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Civil War and Reconstruction

Virginia Slave Population_Map_1861_LVA00215.jpg

The Civil War was undoubtedly one of the most important events in American history. The war challenged not only the issue of slavery, but the also the balance of federal versus state powers and the power of constitutional government. In the end, not only did the war preserve the Union as Abraham Lincoln had spoken of, but it also freed nearly four million African Americans from enslavement. The war also highlighted stark differences in regions of the country. These differences ranged from political to religious to economic. The war saw an increase in battlefield news coverage and photography that visually presented military carnage in a way not seen before. The Civil War's outcome brought the first assassination of an American president.

During the postwar period known as Reconstruction the nation faced the challenges of readmitting formerly Confederate southern states back into the Union as well as integrating African Americans into the political, economic, and social fabric of the country. The 13th, 14th, and 15th Amendments were aimed towards providing full equality for African Americans, but faced opposition on many levels. Despite headway, the North and the South both had strong objections to Radical Reconstruction and full social and racial democratization. Many Americans opposed the idea of redistributing wealth and were still in favor of strong local rights and government. In some cases, Reconstruction increased the racial divide, giving rise to groups such as the Ku Klux Klan and spurring violence against African Americans.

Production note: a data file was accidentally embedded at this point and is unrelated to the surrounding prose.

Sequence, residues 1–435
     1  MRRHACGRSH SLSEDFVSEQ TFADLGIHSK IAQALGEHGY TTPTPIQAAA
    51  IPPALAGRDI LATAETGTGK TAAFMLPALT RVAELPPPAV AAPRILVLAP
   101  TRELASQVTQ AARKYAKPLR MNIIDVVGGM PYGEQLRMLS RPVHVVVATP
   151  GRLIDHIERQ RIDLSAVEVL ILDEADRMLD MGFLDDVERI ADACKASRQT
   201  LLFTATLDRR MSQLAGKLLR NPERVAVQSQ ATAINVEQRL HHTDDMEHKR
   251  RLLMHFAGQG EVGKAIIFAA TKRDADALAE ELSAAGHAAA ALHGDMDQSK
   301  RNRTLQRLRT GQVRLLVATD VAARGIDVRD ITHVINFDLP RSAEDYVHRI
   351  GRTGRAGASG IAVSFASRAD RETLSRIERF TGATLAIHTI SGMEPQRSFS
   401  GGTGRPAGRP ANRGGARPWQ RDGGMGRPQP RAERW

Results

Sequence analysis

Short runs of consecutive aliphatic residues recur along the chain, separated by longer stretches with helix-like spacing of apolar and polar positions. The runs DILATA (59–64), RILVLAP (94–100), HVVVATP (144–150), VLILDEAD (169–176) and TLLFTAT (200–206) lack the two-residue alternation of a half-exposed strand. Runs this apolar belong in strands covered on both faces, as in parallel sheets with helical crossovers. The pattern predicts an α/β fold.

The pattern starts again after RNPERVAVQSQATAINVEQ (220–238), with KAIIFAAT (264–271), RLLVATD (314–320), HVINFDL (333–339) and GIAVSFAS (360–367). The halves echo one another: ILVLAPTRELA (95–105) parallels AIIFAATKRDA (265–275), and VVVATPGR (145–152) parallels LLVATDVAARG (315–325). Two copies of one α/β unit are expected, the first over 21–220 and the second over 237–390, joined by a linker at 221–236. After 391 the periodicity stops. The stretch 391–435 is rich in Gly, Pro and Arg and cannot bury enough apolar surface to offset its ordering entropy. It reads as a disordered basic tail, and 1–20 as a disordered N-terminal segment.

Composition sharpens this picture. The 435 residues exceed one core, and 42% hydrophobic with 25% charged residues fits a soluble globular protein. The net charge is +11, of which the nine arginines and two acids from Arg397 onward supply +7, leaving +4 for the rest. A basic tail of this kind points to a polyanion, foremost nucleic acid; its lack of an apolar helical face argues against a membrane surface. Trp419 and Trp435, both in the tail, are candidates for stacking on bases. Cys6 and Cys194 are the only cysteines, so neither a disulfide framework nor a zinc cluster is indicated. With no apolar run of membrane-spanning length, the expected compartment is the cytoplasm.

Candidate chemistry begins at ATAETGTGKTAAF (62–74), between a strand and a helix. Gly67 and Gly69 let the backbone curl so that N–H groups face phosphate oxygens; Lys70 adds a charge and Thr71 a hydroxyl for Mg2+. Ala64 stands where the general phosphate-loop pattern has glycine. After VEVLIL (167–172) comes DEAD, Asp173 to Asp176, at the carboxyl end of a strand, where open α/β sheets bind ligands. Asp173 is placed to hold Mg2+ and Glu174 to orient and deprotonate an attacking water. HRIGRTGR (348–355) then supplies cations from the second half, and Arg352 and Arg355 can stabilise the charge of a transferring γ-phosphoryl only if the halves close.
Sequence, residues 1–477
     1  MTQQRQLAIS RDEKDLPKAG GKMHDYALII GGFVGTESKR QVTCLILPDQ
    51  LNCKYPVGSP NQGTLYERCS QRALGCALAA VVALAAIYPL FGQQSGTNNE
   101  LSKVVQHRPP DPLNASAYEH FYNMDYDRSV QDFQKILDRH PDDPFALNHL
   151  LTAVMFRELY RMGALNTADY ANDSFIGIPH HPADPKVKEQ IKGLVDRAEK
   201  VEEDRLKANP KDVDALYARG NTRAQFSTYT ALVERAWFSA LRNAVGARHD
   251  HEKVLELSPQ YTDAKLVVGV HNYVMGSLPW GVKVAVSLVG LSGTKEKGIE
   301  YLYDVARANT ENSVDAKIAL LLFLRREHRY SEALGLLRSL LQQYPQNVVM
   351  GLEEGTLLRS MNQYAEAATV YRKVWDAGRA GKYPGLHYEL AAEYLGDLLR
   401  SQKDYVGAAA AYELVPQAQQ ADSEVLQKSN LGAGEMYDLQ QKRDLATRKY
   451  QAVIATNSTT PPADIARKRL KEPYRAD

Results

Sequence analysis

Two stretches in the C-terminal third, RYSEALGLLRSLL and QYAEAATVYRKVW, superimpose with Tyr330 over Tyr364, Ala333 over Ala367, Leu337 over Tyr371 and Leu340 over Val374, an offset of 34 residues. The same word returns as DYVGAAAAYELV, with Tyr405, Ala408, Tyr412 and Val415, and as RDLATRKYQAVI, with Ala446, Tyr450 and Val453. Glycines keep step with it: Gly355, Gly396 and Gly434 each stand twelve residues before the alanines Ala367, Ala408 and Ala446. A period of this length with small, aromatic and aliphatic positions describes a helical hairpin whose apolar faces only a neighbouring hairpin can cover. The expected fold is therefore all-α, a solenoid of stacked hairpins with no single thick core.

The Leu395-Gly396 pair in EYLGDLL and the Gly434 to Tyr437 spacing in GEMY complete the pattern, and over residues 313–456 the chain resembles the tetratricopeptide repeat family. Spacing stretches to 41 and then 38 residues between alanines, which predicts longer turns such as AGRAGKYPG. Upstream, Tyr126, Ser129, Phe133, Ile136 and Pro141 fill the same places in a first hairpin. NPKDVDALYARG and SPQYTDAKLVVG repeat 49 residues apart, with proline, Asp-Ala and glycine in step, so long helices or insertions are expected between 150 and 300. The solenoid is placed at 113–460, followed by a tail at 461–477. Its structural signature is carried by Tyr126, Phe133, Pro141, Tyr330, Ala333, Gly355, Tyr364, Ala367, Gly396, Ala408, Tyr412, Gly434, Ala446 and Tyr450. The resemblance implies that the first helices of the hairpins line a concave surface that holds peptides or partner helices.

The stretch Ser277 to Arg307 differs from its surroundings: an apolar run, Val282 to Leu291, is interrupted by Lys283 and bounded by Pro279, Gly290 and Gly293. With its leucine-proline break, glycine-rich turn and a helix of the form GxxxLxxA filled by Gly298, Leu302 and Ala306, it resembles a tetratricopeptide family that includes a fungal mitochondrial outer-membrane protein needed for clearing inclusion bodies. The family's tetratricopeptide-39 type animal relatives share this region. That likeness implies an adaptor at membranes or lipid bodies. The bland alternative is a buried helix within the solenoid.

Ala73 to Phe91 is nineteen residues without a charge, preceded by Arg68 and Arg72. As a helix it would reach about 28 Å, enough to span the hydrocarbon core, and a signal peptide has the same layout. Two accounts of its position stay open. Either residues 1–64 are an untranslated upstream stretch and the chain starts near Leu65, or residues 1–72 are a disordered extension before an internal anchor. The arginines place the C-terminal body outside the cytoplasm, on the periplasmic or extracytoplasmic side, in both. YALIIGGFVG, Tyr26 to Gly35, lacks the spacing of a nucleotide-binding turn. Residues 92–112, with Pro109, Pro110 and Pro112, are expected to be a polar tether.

Learn more in the National History Content Standards.

Recently added items

Distribution of Virginia's Slave Population, Map, 1861

Using the data from the 1860 census, this map was created in 1861. It shows the distribution of enslaved Virginians in each of the state's counties, with the darker shades showing the counties with the highest percentage of enslaved men, women, and…

Adolphus, Contract to Be Hired Out, 1865 <br />

Hiring out enslaved men, women, and children was a common business arrangement among Virginians during slavery. This practice, which occurred in rural and urban areas, enabled owners of slaves to profit from their labor when they could not employ all…

Roanoke County Cohabitation Register, 1866<br />

Prior to the Civil War, enslaved men and women were not legally allowed to marry. However, during slavery many men and women did consider themselves to be married despite the lack of legal protection and recognition, which meant that husbands and…

Jefferson Township School District Map, 1870

Prior to the Civil War, Virginia did not have a comprehensive public school system. Some localities provided some "free schools" or "charity schools" for the children of indigent white families. African Americans, free and enslaved, were excluded…